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Fugitive PNB scam accused Mehul Choksi calls attachment of properties by ED ‘illegal’

This was Choksi’s first interview since the multi-crore Punjab National Bank fraud case came to light.

SNS | New Delhi |

In his first interview ever since the Rs 13,000 crore Punjab National Bank fraud case came to light, absconding fugitive Mehul Choksi claimed that the all accusations against him are false and called the attachment of properties by the Enforcement Directorate (ED) “illegal”.

Choksi, the uncle of PNB fraud main accused Nirav Modi, is currently living in Antigua having fled to the Caribbean island nation on a passport he obtained via the country’s Citizenship by Investment programme in November 2017.

Read More: Caribbean citizenship programmes a big draw among investors: New CBI Index

Responding to questions posed by ANI and read to him by his lawyer, Choksi said, “All allegations levelled by ED are false and baseless. They have attached my properties illegally without there being any basis for the same.”

On a question of the suspension of his Indian passport, Choksi claimed that after India revoked his passport altogether, he was immobilised on 16 February.

“The passport authorities revoked my passport altogether, in view of which I was immobilised on 16 February. I was approached by passport office which said that my passport had been suspended due to reasons of security threat to India,” he said.

“On 20 February I sent an email to the regional passport office at Mumbai requesting them to revoke the suspension of my passport. However I did not receive any reply from the office. Further, the office did not give an explanation on why my passport was suspended and how I was a security threat to India,” he claimed.

A designated PMLA authority said on 3 September that 41 properties worth about Rs 1,210 crore belonging to Choksi that were attached by the ED are money laundering assets and ordered that their attachment should continue.

These properties include 15 flats and 17 office premises in Mumbai, a mall in Kolkata, a four-acre farm house in Alibaug and 231 acres of land in Nashik, Nagpur and Panvel in Maharashtra and Villupuram in Tamil Nadu. The attached assets also included a 170-acre park in Hyderabad’s Ranga Reddy district valued at over Rs 500 crore.

Read More: Attached properties of Mehul Choksi are money laundering assets: PMLA authority

ED had attached these properties in February this year under the Prevention of Money Laundering Act (PMLA) in connection with the multi-crore Punjab National Bank (PNB) fraud case involving a Mumbai-based branch.

Choksi was granted Antiguan citizenship “after extensive vetting” in November 2017. Antiguan authorities said that Choksi “swore the Oath of Allegiance in Antigua on 15 January 2018” and obtained residency through the Citizenship by Investment programme through which anyone can ‘purchase’ the country’s citizenship.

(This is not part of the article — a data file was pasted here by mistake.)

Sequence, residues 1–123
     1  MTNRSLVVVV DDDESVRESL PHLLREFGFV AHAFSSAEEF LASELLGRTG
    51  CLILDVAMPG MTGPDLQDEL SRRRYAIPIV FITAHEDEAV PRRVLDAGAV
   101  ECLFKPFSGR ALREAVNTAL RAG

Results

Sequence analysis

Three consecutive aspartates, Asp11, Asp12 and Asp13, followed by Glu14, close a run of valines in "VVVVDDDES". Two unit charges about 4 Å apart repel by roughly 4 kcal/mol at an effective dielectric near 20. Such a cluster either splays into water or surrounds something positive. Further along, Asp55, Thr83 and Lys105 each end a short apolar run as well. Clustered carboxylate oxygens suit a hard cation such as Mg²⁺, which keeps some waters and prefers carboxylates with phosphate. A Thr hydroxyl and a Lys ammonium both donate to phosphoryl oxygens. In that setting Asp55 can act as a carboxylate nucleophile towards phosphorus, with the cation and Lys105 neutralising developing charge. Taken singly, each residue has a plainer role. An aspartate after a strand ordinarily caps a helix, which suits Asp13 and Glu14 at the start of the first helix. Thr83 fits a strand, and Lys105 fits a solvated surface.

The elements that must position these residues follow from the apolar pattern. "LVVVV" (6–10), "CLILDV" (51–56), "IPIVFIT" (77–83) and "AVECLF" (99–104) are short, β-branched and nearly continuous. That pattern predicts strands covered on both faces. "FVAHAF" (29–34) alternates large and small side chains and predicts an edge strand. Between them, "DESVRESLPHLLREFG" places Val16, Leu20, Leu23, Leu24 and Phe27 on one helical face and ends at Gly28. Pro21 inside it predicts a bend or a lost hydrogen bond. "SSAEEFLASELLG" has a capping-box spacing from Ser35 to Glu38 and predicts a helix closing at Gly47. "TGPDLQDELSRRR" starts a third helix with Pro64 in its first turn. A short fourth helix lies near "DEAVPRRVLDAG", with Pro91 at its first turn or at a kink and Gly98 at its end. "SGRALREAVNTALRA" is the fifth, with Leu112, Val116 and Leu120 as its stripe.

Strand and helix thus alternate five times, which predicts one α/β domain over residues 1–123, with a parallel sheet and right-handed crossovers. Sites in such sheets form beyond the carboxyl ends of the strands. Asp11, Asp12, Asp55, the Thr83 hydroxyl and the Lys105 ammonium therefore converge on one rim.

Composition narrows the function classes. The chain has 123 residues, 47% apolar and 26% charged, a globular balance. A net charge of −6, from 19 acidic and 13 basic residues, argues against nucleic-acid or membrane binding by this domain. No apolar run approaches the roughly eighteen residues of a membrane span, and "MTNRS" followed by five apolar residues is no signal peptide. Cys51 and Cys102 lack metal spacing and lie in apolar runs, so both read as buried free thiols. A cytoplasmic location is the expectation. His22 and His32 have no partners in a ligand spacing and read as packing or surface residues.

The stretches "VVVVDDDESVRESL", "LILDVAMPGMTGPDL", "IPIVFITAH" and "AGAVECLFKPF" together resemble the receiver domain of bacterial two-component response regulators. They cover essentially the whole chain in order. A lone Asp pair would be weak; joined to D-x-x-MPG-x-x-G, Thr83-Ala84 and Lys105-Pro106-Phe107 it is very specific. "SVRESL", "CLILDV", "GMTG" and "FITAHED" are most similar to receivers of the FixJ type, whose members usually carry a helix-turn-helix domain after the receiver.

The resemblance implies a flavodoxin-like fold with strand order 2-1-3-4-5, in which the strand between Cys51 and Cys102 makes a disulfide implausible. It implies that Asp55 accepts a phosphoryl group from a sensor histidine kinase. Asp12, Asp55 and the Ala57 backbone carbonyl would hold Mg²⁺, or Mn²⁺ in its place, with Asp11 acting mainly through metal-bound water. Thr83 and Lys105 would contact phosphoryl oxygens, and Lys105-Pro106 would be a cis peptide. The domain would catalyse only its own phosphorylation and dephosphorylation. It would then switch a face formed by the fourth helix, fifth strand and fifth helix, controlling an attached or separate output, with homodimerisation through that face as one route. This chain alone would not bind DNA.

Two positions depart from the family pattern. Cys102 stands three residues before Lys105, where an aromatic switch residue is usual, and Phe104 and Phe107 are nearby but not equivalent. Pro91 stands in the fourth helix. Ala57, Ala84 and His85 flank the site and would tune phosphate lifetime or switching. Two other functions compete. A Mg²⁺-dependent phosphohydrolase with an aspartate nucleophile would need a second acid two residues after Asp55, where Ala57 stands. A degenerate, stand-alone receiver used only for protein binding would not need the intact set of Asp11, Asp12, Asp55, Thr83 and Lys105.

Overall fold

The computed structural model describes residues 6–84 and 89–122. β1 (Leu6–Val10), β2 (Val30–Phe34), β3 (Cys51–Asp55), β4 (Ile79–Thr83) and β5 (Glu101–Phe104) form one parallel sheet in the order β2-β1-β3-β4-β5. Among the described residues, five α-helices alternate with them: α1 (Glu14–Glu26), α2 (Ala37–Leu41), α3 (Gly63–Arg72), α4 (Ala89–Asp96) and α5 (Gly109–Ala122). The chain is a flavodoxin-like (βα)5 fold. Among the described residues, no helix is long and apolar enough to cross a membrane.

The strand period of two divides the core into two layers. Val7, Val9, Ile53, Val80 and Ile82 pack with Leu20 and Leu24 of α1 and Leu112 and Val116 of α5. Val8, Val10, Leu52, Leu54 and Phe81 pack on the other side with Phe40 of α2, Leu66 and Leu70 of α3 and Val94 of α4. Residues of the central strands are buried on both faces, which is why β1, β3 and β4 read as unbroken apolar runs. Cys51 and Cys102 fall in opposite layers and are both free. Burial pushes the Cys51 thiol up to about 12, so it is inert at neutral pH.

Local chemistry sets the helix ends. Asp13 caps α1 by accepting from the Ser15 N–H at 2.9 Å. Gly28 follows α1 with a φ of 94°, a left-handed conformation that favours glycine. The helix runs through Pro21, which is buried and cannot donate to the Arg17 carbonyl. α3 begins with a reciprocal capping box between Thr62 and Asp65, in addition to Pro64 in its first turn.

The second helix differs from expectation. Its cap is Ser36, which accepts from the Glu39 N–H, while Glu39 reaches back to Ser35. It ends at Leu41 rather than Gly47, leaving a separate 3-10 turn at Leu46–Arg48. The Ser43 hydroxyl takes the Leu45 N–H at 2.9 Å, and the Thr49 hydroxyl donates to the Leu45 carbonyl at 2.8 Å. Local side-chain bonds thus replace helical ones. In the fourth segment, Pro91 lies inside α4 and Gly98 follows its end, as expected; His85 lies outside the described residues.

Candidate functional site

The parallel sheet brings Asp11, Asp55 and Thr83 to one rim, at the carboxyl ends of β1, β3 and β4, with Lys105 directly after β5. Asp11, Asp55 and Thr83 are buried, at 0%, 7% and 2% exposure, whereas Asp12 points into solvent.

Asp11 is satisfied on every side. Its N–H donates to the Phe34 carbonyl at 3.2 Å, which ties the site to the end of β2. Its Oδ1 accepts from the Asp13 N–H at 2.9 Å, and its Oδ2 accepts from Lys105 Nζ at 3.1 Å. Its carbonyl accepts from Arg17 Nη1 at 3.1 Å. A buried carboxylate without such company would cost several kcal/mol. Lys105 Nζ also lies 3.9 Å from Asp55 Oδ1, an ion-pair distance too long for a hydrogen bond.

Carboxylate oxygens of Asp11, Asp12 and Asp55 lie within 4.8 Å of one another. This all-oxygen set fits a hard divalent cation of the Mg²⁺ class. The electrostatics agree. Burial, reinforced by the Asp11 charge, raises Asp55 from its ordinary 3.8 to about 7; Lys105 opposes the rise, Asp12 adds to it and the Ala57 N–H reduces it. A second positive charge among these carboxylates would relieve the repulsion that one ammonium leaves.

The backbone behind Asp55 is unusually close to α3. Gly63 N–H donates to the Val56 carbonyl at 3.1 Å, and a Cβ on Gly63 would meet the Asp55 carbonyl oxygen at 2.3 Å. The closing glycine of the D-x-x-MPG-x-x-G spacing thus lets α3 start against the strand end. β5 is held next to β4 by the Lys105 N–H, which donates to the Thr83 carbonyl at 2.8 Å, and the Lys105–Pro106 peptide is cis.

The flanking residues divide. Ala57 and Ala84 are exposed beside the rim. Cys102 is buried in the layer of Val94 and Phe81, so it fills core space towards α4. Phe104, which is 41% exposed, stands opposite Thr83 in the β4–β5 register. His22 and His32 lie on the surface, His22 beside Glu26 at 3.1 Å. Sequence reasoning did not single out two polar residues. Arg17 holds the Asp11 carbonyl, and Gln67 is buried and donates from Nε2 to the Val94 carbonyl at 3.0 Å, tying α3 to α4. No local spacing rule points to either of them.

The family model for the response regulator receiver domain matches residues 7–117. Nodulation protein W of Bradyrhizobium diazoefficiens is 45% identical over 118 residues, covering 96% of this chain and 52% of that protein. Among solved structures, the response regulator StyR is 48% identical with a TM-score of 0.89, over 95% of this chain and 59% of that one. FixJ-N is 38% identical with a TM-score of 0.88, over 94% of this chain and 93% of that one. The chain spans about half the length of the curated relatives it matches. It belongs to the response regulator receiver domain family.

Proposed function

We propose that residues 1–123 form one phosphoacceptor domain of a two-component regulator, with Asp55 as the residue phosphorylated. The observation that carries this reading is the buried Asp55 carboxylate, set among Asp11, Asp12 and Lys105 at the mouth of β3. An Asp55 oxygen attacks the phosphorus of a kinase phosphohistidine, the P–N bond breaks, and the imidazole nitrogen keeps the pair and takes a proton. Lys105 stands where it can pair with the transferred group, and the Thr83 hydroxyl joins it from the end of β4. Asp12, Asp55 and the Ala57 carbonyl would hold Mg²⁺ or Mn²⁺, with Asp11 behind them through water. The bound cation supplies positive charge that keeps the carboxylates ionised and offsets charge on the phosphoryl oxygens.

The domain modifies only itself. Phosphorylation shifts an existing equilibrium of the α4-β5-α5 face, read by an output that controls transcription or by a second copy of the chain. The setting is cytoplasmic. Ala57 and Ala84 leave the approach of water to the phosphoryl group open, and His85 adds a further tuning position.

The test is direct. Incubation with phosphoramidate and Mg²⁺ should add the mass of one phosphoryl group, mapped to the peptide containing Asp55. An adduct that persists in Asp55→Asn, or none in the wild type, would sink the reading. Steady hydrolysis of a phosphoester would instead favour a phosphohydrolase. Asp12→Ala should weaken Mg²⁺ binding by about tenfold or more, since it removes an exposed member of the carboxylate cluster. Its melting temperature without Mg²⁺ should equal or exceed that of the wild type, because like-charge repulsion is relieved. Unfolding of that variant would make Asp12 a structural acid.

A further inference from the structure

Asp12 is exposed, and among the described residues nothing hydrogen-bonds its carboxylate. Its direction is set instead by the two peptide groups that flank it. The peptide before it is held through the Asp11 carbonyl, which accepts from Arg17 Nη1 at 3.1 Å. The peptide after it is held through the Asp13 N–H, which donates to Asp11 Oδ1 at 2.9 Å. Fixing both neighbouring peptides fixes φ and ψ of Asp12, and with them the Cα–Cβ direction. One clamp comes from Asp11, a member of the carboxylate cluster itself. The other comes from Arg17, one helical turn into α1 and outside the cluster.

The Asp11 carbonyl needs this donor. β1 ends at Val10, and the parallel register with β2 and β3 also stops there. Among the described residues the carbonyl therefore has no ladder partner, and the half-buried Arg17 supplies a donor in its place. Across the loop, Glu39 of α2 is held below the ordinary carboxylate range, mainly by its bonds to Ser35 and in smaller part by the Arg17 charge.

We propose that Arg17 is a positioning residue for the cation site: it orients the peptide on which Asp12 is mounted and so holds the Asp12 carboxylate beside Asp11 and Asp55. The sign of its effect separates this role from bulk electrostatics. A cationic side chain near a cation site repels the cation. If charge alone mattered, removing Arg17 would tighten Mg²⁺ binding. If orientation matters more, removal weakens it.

The Citizenship by Investment Unit (CIU) also told Antigua Observer that a “robust due diligence international investigation” was conducted before granting Choksi citizenship and  that “the 2017 investigation revealed no derogatory information”.

In a statement issued in July following the revelation of his citizenship status, Choksi said that his purpose was to “expand my business interest in the Caribbean” and “to obtain visa free travel access to 130 or so countries” through the Antigua and Barbuda passport.

Read More: PNB fraud accused Mehul Choksi reveals why he became a citizen of Antigua

In August India said that there are provisions under the Extradition Act, 1993, of Antigua and Barbuda which provided the legal basis for extraditing fugitive Indian diamond merchant Mehul Choksi.

“As per the provisions of the Extradition Act, 1993 of Antigua and Barbuda, a fugitive may be extradited to a designated Commonwealth country with which there are general or special arrangement or a bilateral treaty. The government of Antigua and Barbuda notified India as a designated Commonwealth country in 2001,” official sources said, refuting reports that Choksi could not be extradited now that he had been granted citizenship of that country.

Read More: Mehul Choksi can be deported under Antiguan law

Interpol RCN

On 11 July, the ED asked a special court in Mumbai to declare diamond merchants Choksi and Nirav Modi as “fugitives” under the Fugitive Economic Offenders Ordinance 2018 because they fled from India a month before they were named in the fraudulent case on 31 January.

The ED has been probing two cases of money laundering against Choksi, Nirav Modi and others under Prevention of Money Laundering Act on the basis of FIR registered by the CBI, the prime investigating agency of the case.

In these cases, the ED had on 24 May and 26 May filed prosecution complaints or charge sheets against Choksi and Nirav Modi. The court has taken cognisance of the charge sheets and issued non-bailable warrant against both the absconders.

On the request of ED and the CBI, the Interpol has also issued Red Corner Notice against Nirav Modi.